It is important … to see details and a deeper understanding of an issue, not just an easy sentence of a larger philosophy. ~ Dan Gilman
Over the past few weeks, you may have noticed some headlines and social media content rallying the community around the theme that ‘Drag is Illegal in Pittsburgh,’ an inflammatory allegation that certainly caught my attention. After reading some of the details, I realized this was actually a case where occupancy zoning code was the culprit.
Local attorney and LGBTQ advocate Kyle C. Webster explained this on a Facebook post.
Drag is not illegal in Pittsburgh, nor is it in any way a crime. What is currently being discussed is a portion of the Zoning Code that only permits bars with drag performances as a primary use in certain areas of the city for fear of loss or denial of an occupancy permit. This part of the Code pertains to the business/ building owner and not to the drag performers themselves. It also does not implicate one off performances or the existence of drag generally in any part of the city. It is not a part of the criminal code and the punitive response to it is a loss of an occupancy permit, not jail time. Also, it is one of many laws that is never enforced or is unenforceable, but is still on the books. It has not been enforced at any point in my lifetime. It should be changed, yes. But all of the fear over the state of our city on this issue is based mostly on a misunderstanding of what is actually going on and misinformation – especially in these times, we need to make sure we operate under true understandings of things and not emotionally inflated half-truths.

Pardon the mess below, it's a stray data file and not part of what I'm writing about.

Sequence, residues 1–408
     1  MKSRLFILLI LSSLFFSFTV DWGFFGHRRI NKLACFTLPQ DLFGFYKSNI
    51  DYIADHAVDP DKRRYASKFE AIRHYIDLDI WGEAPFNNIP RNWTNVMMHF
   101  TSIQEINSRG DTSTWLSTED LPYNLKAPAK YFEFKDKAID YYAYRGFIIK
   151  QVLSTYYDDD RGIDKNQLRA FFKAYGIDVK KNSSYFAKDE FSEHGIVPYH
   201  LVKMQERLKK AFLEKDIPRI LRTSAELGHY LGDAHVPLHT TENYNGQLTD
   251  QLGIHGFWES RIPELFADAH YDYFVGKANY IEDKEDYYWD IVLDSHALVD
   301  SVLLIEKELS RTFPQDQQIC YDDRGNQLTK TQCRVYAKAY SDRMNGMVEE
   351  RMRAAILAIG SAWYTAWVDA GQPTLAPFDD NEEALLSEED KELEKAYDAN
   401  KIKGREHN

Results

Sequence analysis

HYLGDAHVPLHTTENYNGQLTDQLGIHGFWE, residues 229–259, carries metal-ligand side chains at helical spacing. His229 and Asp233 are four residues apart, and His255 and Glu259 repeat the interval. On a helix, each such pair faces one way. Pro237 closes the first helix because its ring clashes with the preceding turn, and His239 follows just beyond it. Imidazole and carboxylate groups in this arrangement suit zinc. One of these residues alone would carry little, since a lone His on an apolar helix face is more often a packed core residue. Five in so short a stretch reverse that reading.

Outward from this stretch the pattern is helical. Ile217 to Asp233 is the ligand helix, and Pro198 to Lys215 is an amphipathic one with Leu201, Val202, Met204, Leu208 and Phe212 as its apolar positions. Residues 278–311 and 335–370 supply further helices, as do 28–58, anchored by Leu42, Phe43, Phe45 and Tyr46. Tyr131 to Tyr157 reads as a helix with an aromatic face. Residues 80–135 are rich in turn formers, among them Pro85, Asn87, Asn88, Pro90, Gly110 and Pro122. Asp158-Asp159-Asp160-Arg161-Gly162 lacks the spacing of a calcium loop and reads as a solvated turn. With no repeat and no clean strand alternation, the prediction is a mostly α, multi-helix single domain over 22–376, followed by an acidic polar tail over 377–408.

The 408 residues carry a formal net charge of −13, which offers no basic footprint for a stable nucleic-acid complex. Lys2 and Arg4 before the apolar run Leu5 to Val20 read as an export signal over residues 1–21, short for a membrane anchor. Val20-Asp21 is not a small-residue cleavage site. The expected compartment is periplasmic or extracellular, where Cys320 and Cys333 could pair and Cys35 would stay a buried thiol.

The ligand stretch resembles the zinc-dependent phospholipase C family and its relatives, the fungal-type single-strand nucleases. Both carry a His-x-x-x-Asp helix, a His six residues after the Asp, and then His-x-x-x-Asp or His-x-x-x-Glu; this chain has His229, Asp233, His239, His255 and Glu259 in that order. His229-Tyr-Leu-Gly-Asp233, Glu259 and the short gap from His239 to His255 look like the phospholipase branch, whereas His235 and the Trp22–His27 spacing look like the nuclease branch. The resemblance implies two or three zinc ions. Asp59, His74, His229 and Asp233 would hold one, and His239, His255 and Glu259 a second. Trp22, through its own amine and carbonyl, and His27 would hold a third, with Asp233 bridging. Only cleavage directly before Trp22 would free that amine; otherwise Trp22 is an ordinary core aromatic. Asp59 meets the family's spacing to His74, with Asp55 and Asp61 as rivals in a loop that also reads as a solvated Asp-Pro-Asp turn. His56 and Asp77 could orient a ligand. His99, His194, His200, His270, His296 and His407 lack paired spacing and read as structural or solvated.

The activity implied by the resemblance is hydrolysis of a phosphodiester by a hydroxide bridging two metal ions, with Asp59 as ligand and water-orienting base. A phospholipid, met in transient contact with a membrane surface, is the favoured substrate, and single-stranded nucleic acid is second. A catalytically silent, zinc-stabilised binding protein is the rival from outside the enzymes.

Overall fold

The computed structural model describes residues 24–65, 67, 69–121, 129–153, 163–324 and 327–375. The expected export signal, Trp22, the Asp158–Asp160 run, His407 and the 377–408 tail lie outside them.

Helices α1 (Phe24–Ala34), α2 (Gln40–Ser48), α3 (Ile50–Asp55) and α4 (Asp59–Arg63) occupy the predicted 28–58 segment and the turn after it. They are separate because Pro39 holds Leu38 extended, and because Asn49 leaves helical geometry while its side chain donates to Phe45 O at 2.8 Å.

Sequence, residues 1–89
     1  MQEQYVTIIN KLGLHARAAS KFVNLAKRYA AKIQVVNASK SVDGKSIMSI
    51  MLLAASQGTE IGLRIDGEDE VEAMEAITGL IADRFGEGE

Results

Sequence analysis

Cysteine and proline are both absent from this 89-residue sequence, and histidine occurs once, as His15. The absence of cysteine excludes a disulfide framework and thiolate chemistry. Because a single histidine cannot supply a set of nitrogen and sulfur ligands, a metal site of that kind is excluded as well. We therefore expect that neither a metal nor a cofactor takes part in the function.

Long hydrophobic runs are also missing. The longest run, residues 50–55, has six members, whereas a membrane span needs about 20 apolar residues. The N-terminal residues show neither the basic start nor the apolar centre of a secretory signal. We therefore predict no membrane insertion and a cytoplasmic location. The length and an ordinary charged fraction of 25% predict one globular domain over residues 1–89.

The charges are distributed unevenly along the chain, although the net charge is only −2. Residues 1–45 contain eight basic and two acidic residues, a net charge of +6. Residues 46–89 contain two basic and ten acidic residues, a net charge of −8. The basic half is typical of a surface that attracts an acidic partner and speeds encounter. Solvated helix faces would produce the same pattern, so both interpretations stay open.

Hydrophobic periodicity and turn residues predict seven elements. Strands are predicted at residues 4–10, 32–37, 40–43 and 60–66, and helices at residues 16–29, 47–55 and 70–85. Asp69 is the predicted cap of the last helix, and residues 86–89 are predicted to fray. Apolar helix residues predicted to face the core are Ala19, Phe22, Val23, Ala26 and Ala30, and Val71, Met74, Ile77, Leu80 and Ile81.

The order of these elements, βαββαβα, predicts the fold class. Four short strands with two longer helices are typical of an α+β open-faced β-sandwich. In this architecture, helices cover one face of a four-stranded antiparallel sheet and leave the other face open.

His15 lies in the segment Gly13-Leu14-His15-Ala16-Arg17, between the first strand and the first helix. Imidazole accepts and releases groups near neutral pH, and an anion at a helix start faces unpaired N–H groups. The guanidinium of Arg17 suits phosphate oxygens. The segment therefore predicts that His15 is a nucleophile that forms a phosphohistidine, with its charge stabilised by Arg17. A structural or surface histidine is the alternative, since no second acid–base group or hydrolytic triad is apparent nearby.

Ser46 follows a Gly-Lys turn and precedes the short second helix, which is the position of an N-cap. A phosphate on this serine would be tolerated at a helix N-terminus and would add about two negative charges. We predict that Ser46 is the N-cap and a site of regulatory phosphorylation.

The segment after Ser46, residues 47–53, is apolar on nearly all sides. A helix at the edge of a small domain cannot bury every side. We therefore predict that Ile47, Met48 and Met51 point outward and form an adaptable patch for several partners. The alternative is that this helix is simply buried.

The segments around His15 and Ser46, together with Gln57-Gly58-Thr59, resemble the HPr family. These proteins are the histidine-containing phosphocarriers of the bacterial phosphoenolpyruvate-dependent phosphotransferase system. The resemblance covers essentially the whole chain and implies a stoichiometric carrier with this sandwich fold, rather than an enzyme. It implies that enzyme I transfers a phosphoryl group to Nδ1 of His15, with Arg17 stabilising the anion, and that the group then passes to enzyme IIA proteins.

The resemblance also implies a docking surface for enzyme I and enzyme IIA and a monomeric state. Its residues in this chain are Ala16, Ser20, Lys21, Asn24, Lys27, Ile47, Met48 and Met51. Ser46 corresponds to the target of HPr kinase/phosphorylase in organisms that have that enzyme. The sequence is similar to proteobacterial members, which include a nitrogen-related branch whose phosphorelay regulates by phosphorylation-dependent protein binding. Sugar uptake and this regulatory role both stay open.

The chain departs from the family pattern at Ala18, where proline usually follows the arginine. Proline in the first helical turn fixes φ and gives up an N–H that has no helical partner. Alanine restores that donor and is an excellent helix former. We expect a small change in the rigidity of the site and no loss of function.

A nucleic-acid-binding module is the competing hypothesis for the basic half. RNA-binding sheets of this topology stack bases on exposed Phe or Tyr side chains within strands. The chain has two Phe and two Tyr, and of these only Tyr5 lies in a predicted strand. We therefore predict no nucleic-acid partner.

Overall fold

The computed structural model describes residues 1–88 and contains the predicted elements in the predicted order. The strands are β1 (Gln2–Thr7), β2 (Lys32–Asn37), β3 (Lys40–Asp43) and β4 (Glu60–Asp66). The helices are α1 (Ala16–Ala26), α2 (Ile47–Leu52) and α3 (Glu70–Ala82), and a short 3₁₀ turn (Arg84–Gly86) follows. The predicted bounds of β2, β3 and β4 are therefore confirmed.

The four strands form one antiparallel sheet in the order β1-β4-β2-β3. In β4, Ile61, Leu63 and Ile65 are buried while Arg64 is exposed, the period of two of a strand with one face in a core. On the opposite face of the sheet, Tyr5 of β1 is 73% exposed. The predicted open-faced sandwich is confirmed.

I was concerned by some of the feedback from the community, especially comments indicating fear about drag being criminalized or feeling unwanted or unwelcome because of a zoning ordinance that has never been enforced. Changing the ordinance protects the venue owners from repercussions, but it is also true that it would reassure drag artists that they are a vibrant and valued part of the community.
Personally, I would have preferred a more robust dialogue that explored the nuances of performance art to include burlesque and more without such heightened rhetoric or reducing this topic to whether we care about people wearing a dress on stage. We do care and that is the point. We care about performance art, we care about the exploration of gender and nonbinary identities both through art and beyond, we can about including everyone at the table when having these conversations.
But, it is good news that at the February 8 City Council hearing where 4 members of Council – O’Connor, Harris, Kail-Smith, and President Kraus – indicated they would vote in favor of the change. The vote could come soon and is expected to be unanimous or without opposition.